If you are going to build airplanes in industry, something you can only learn inside said company, why do you need a PhD in applied physics?

    Earn more money? Oh, do not open that Pandora's box.
    If you want to make as much money as possible, don't go into STEM.
  7. Aug 23, 2015 #6
    From what I have herd from professionals in that area of science, Aerospace is a very narrow field area. It is a hard area of science to get into as there is a high demand but not enough jobs to fill. For this reason a masters degree is very useful in giving you that extra qualification. However most people assume that with a PhD in Aerospace, it will be easier to find a job as you would have even more qualifications; however this is not the case in the Aerospace industry. Since Aerospace is such a narrow field, a PhD is not advisable because it only limits your skill set even more and actually makes it even more difficult to find a job at the end of the day.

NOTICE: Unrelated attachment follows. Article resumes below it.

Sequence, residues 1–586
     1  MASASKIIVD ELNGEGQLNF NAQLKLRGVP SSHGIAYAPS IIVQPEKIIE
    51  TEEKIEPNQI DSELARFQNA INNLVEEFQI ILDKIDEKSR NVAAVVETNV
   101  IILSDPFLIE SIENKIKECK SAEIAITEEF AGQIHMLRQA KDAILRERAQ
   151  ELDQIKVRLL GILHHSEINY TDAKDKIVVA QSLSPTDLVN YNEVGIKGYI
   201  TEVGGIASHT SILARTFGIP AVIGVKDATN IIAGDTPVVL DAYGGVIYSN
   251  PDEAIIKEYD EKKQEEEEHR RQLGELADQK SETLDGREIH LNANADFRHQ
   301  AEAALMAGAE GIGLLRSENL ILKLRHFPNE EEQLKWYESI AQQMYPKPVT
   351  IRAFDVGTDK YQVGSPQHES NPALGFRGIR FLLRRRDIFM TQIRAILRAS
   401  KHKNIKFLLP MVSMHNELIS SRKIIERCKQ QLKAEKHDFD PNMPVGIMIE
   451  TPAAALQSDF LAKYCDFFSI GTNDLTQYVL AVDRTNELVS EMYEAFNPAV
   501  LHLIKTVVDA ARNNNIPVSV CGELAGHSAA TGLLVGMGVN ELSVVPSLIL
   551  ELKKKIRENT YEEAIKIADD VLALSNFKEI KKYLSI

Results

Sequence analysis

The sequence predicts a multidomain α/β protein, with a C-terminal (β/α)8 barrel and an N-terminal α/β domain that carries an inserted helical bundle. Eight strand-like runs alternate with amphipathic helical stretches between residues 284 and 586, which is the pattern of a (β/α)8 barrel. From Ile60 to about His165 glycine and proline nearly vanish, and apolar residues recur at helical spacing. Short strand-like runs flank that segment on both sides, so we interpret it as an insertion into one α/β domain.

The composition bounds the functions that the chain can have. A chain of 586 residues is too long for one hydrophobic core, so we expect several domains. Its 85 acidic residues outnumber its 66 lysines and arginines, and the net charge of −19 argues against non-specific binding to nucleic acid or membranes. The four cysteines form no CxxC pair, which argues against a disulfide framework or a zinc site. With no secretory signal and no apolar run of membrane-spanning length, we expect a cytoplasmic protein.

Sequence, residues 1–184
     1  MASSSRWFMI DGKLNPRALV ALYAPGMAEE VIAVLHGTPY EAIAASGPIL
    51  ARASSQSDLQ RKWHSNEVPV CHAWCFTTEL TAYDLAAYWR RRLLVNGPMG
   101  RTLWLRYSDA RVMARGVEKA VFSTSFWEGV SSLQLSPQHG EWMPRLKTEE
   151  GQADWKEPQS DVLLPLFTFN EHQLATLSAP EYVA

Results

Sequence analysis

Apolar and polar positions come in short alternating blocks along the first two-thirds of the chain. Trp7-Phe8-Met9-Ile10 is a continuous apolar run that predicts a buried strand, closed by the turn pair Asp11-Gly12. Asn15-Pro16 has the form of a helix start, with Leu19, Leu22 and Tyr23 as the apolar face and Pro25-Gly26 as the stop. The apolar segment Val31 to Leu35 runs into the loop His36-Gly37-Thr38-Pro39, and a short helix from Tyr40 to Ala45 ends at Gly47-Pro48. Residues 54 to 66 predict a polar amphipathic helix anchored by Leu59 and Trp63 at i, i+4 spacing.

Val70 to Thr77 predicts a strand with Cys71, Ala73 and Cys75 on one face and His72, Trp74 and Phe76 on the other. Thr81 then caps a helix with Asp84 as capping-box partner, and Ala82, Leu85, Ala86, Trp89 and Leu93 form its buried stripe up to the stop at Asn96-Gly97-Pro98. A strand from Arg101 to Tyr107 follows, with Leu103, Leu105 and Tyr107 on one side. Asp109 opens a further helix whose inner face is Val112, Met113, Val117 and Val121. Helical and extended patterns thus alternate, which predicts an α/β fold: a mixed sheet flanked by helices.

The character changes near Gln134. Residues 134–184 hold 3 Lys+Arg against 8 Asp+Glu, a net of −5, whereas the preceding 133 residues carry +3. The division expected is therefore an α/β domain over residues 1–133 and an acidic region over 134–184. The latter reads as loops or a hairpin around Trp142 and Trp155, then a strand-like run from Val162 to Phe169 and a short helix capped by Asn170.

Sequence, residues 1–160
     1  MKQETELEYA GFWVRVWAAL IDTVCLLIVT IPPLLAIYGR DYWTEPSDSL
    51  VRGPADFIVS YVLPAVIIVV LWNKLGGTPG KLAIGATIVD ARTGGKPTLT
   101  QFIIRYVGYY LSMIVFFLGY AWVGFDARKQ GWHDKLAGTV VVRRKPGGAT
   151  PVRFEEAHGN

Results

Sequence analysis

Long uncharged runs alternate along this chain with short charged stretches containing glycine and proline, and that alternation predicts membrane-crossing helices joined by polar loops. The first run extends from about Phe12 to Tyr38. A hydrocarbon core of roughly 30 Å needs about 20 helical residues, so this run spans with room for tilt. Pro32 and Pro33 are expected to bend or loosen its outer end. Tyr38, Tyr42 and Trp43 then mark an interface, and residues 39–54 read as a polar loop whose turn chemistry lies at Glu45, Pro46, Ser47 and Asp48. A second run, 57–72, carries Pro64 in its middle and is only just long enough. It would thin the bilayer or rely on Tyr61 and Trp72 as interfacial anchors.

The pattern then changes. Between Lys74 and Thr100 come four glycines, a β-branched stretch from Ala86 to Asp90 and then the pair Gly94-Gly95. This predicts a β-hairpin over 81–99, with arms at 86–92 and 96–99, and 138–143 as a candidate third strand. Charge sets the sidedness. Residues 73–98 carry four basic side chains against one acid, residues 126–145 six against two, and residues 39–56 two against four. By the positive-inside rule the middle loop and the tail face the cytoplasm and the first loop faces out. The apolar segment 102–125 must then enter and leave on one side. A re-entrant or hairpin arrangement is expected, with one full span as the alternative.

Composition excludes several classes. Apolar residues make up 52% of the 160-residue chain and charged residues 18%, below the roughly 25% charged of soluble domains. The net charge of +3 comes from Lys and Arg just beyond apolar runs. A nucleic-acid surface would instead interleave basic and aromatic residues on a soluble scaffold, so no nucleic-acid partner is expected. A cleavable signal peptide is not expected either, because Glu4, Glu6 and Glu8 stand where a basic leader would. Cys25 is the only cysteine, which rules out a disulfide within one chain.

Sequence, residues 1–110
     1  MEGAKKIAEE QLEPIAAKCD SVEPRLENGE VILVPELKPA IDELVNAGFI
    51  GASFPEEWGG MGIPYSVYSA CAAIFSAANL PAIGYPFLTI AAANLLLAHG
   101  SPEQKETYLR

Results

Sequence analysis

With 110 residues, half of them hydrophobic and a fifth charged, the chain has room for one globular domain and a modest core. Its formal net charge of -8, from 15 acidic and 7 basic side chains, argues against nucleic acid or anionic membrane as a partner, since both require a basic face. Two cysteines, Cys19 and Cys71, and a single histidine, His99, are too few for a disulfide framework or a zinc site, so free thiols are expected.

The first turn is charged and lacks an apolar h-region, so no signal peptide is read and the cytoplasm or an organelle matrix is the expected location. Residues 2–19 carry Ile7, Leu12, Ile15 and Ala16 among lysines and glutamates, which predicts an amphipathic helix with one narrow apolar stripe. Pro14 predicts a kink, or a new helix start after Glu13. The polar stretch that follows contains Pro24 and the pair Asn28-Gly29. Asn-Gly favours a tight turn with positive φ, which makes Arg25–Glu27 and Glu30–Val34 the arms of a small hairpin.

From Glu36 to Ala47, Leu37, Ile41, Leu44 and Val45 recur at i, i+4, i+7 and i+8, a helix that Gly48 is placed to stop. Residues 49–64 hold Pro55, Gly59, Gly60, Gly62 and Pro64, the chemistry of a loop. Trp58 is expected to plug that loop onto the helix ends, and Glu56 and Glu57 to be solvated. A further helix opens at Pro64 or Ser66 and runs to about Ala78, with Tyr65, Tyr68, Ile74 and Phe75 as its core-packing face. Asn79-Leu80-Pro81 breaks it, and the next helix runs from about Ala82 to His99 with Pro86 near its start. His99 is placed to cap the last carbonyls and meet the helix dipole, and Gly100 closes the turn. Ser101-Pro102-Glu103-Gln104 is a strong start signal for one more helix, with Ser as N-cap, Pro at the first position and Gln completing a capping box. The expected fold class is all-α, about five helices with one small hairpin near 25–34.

8. Aug 23, 2015 #7
    You need to make up your mind about if you are an engineer or a scientist. You earn your MSc in that field. Then you get a PhD position to appeals to you the most, at that point. It will be clearer what kinds of problems you'll want to work on at that point.

    You can probably get the same job anyway, MSc or PhD, when it comes to AeroEng.
  9. Aug 23, 2015 #8
    Ok thanks for your anwsers. This means that a PhD in Aerospace engineering is not advisable so then, I'm talking about earn with the master of this field, a PhD in Applied Physics. Is Applied Physics also good to work in the Aerospace Industry? Would be better a Computing+Mathematics PhD?
  10. Aug 23, 2015 #9
    Not advisable for what? For earnings?

    There's many different problems that need to be solved both scientifically and engineering-wise. Some are general, others are niche.